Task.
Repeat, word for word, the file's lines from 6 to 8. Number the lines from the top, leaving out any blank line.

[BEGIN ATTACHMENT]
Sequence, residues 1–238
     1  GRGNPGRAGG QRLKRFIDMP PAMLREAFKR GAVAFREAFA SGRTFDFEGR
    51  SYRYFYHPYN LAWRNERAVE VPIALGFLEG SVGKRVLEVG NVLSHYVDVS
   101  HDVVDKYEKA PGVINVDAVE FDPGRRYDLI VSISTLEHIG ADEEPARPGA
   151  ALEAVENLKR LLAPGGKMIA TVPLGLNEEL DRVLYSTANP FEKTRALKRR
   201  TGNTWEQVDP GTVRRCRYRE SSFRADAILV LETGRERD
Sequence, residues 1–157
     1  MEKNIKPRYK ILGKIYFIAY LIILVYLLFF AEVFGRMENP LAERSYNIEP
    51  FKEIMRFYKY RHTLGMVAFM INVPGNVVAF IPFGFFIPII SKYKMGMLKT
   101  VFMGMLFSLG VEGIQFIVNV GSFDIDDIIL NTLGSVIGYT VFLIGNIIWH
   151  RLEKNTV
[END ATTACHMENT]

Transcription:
   201  TGNTWEQVDP GTVRRCRYRE SSFRADAILV LETGRERD
Sequence, residues 1–157
     1  MEKNIKPRYK ILGKIYFIAY LIILVYLLFF AEVFGRMENP LAERSYNIEP